The Linux 5.12 kernel has been released – albeit a week later than original scheduled.

Linus Torvalds announced the release over on the Linux kernel mailing list, writing: “…thanks to everybody who made last week very calm indeed, which just makes me feel much happier about the final 5.12 release.” He adds that despite the extra week’s grace this is “actually a fairly small release overall”.

I reckon Linus’ definition of ‘small’ may differ from ours, so read on to run through the biggest changes and most notable additions proffered in the latest Linux kernel update.

Linux 5.12 Features & Changes

gaming on Linux
Tux is a big gamer

Most of us expect a new kernel releases to come with support for new hardware, but there are plenty of legacy devices out there that which are perfectly functional machines.

For example, Linux 5.12 adds support for the Nintendo 64 —yes: the Nintendo 64! Don’t expect to see a full Linux desktop up and running on the 25 year old console yet, but this kernel update adds support for the system, Nintendo 64 game controllers, and Nintendo 64 data cartridges. Retro gaming enthusiasts will be pleased!

Linux 5.12 includes support for dualsense PlayStation 5 controllers

Talking of games console it’d be remiss if I didn’t mention that Linux 5.12 kernel has official dualsense™ PlayStation 5 controller support, courtesy of Sony. Playstation controllers are popular with gamers of all shades so the mainlining of code to get it working is good news.

Sticking with gaming, Linux 5.12 intros support for Intel’s Adaptive Sync tech, albeit only over DisplayPort and not HDMI (for “reasons”). Adaptive synchronisation promises to help eliminate tearing and stuttering, though only with the Intel graphics driver and a supported 10th gen (or newer) Intel chip.

Away from gaming, this kernel revisions makes it possible to map an UID to a different one in mounted file systems. Why is that useful? Well, it makes it easier to share files between multiple users and multiple machines, including in situations where the file systems is shared with different machines. In Linux 5.12, UID mapping supports FAT and ext4. Support for more filesystems is planned.

On the file systems front Btrfs picks up support for zoned block devices, though the code is in an early state and ‘not ready for real use’ according to LWN; NFS gains support for “eager writes” (helping reduce memory pressure); and F2FS now supports LZ4 “high compression” mode.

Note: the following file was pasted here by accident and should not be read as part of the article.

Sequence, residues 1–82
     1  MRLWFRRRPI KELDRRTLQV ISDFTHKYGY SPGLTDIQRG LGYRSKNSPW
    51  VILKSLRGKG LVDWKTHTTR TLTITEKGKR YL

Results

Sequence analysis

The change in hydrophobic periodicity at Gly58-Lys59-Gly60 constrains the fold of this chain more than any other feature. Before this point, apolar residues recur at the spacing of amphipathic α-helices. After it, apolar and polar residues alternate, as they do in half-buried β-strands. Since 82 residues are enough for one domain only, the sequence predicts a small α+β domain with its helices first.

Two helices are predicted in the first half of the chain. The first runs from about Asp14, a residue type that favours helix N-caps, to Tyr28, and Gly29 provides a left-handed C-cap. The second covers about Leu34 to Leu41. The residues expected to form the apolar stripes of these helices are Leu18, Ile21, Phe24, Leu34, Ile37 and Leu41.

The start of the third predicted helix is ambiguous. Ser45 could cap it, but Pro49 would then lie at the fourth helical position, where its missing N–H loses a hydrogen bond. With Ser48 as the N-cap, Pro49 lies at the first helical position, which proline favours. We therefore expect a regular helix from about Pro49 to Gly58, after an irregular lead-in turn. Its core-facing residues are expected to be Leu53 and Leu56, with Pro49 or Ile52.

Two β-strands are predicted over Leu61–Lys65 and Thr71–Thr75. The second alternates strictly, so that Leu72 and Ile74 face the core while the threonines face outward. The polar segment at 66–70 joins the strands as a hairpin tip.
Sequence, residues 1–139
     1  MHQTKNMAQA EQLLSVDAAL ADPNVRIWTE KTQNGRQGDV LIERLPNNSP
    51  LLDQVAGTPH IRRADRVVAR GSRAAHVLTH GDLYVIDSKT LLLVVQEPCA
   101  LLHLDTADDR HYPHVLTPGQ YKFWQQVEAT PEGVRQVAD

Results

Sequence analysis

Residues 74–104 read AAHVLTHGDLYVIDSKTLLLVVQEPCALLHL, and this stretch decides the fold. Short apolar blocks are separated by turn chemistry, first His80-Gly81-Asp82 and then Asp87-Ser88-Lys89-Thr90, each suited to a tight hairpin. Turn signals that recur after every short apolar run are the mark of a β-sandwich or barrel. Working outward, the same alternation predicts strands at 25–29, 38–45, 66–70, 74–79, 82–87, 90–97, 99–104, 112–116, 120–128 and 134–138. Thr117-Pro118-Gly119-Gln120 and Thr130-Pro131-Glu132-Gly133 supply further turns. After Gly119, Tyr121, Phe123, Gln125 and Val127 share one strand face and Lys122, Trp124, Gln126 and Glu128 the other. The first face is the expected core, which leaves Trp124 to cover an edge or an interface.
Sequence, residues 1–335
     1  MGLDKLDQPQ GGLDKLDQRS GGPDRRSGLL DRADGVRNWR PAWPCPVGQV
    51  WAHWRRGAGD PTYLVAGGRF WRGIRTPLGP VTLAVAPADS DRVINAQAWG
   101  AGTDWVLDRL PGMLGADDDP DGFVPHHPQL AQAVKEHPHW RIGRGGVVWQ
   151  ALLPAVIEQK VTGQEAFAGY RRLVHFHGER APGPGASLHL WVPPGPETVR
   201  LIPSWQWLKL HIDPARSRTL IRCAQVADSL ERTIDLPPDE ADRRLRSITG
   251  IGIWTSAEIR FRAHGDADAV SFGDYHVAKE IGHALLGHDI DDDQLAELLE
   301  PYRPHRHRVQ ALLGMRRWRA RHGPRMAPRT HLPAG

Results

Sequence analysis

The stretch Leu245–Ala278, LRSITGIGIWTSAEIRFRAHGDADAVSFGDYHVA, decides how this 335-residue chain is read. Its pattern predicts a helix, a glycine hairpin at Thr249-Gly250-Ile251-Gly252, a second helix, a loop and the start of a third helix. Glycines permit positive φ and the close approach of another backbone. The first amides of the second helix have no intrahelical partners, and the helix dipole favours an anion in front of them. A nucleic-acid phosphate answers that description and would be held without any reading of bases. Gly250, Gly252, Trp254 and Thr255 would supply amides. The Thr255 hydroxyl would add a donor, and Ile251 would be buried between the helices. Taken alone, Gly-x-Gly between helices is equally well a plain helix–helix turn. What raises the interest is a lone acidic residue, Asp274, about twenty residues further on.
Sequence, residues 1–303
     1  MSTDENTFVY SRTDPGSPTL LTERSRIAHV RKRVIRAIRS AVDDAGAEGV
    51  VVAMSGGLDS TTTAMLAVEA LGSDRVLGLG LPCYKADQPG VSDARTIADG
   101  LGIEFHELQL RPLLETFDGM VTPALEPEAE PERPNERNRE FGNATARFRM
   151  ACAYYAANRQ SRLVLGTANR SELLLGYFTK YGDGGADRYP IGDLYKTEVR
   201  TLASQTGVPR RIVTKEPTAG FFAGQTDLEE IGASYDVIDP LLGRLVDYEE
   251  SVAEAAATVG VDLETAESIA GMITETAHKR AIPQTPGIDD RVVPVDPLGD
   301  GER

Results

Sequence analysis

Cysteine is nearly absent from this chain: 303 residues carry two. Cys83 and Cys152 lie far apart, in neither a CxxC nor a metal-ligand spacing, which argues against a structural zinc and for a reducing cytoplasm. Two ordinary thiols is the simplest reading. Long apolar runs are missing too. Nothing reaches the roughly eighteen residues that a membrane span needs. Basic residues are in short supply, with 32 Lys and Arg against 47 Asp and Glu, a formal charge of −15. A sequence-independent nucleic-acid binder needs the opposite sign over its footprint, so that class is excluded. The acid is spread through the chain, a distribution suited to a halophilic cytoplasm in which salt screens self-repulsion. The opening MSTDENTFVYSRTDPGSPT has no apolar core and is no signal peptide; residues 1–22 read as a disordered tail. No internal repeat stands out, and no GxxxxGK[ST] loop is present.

Linux 5.12 also supports dynamic thermal power management through a new subsystem. This is able to cap the power usage used by devices to meet specific thermal limits.

Other select changes in this update:

  • Better support for Microsoft Surface laptops
  • Thread-based NAPI polling
  • Non-uniform memory access (NUMA) for RISC-V
  • Boot Linux as a root partition on Microsoft Hypervisor
  • Support for the ACRN hypervisor
  • New memory-debugging tool called “kfence”

Finally, a swathe of largely obsolete 32-bit ARM platforms have been removed, including picoxcell, prima2, tango, u300, and c6x. Why? Because it turns out they have no users! Since there’s no-one to be affected, stripping them out makes for a leaner, cleaner codebase.

For even more details check out this release on Kernel Newbies.

Want to install Linux 5.12?

You can download source code for the Linux kernel 5.12 from the kernel.org website, though you will need to complete it by hand which isn’t everyone’s idea of fun.

For a more stable way to try the latest Linux Kernel you’ll need to wait for it to be packaged up by distro maintainers. This will vary depending on the distro and its release model. Ubuntu, for instance, won’t get Linux 5.12 as an update any time soon, though it will appear in the Ubuntu 21.10 daily builds at some point.

If you want to install Linux 5.12 on Ubuntu 21.04? Well the semi-good news is you can, as Canonical developers maintain mainline kernel builds that you can download here. However, the bad news is that you should not use these are they are intended for development use only

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